PETER MIHAERE, a member of Eastview Baptist Church and CEO of the Baptist justice initiative, Stand Against Slavery, attended the Annual Baptist World Alliance (BWA) meetings in Bangkok, Thailand, in July 2017. Here he reports on a resolution made by BWA General Council that acknowledges the issue of modern slavery and that urges Baptists worldwide to take a stand for the rights of "the least of these".
One of the privileges I have as a member of the Baptist whanau is sitting on the Social and Economic Justice Commission of the Baptist World Alliance (BWA). This commission was established in 2015 and its inaugural meetings were held in Vancouver, Canada, in July 2016. Whilst I have been to a few BWA meetings and congresses over the years, this is the first time I have been invited to be part of a commission that looks at a specific area of concern.
In July 2017 the annual BWA meetings were held in Bangkok, Thailand. In Vancouver it was suggested that, given our annual meeting was going to be held in Asia where most of the world's slaves reside, our focus could be on modern slavery, what a Baptist response might be, and how we could resource ourselves in the fight for a slave-free world. Earlier in the year I was invited to lead the content of these meetings, bringing people together around this incredibly important justice issue facing the world. This was possible with the grateful contribution from the Baptist Union of New Zealand to fund my travel.
In the months of preparation before the meetings, a small group of us also began to develop a resolution to submit to the BWA General Council for consideration. The BWA have had resolutions in the past on slavery and human trafficking, but there needed, in our humble opinion, an updated and relevant resolution given how the world, and the church, has acknowledged the plight of the enslaved in the 21st Century, and the need for a global response.
It was an exciting assignment be asked to lead. When we met in Bangkok we had three sessions where a number of people presented information, story and examples of what the Baptist family are doing in abolishing slavery across the globe. We heard from the Nagaland Baptists and what they are doing in working with girls/women in the sex trade, girls/women at risk of domestic/sexual violence and abuse, and victims of trafficking. We heard from the Australian Baptists who are the creators of the Ethical Fashion Guide, which is gaining global attention as a key guide to helping people make ethical buying choices in fashion. Major retailers and fashion brands are now coming to Baptist World Aid Australia in an attempt to become better manufacturers and retailers of their products.
I was responsible for painting an overall picture of the issue across the globe and also able to share about the international work of Freeset, Love Calcutta Arts, and The Loyal Workshop, businesses specifically set up to be an economic response to slavery, on the ground in South Asia. It was humbling to share about our local Baptist justice initiative, Stand Against Slavery, and the work I attempt to do in convincing government and civil society to join together to combat slavery, human trafficking and forced labour here in Aotearoa. We are among the world’s leaders in fighting for a slave-free world, and it was a real blessing to engage this issue together.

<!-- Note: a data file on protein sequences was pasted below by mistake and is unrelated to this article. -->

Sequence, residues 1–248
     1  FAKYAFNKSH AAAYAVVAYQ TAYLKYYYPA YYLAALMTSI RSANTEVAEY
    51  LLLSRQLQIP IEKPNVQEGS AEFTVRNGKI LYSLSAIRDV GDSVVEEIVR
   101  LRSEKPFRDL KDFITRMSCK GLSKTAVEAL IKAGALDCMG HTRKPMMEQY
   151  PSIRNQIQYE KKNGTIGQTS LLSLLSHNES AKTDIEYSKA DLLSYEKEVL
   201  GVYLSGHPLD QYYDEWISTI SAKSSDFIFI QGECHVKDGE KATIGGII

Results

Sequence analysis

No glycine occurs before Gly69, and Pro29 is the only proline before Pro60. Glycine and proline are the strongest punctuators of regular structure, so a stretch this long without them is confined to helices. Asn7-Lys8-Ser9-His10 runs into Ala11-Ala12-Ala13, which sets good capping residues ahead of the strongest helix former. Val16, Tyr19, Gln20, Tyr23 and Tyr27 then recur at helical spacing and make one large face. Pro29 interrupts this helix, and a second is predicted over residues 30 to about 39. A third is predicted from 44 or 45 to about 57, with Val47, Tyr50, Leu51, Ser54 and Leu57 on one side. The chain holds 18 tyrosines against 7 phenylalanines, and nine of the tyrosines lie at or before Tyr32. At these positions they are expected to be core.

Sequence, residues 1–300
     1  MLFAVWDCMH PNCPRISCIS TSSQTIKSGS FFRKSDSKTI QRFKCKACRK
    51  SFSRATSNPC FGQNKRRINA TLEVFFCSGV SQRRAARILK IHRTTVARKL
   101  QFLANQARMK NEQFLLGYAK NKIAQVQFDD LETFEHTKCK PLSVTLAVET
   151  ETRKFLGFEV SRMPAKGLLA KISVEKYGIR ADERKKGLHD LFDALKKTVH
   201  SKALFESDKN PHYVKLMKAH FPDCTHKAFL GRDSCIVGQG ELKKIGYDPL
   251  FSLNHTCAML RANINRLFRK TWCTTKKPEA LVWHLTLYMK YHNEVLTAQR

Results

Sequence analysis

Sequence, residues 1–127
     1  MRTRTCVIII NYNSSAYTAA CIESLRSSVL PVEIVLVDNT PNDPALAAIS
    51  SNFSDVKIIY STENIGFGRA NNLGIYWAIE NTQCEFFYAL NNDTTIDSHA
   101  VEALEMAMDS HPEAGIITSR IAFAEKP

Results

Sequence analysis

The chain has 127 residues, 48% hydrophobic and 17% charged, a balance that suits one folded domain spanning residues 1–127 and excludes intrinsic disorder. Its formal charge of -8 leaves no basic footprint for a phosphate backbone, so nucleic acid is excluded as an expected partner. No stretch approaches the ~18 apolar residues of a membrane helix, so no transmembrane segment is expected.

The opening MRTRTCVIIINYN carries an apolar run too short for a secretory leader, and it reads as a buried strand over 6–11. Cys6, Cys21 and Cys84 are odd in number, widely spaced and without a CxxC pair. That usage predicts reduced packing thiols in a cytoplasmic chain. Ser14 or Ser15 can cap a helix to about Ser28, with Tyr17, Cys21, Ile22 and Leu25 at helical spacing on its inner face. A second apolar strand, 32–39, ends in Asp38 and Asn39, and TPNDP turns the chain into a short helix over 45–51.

It was also a special moment to see a unanimous vote for a modern slavery resolution during the General Council meeting. To get a resolution to the floor of the BWA is a process that takes several months and a lot of careful writing. The following is what was unanimously resolved.
Human Slavery and Trafficking
The Baptist World Alliance General Council, meeting in Bangkok, Thailand, July 5-7, 2017:
ACKNOWLEDGES that General Council has regularly reminded the global family of Baptists about the evil practice of modern slavery;
REGRETS the sad reality that slavery and human trafficking exist today within nearly every society;
LAMENTS the deep trauma experienced by fellow human beings who are held against their will and forced to participate in economic, violent, and/or other exploitative activities for the personal gain or profit of others;
CONDEMNS those who create demand for such services, which perpetuates these modern forms of slavery;
AFFIRMS all legal and societal initiatives to prevent and eliminate modern-day forms of slavery and human trafficking;
URGES global Baptists to make use of a growing number of biblical, theological, and practical resources designed for educating persons about injustice and advocating for victims of slavery and human trafficking;
CALLS upon all Baptist bodies, churches, and individuals to actively embrace opportunities for Christian ministry and witness by standing up for the rights of “the least of these,” and working toward the prevention of slavery and human trafficking, and caring for those impacted; and
ENCOURAGES Baptists to collaborate with other Christians and all people of good will who are also concerned about bringing an end to this personal, social, and economic injustice.
In our final session as a commission, following the passing of this resolution, we agreed that whilst it is good to have a resolution at the highest level of our Baptist network, enshrined for all time, it is of little use unless we commit to working diligently at putting hands and feet to this call.
Here in Aotearoa your missionary society, NZBMS, is leading the way and does that through business, through a company known as Marketplacers International Ltd. The businesses referred to above in South Asia are subsidiaries of Marketplacers. Stand Against Slavery is an independently funded charitable trust that is a joint venture of the NZBMS and the BUNZ. We are attempting to serve God in his call for us to “speak up for those who cannot speak for themselves, for the rights of all who are destitute” (Prov 31:8).
Story: Peter Mihaere
New Zealand Baptists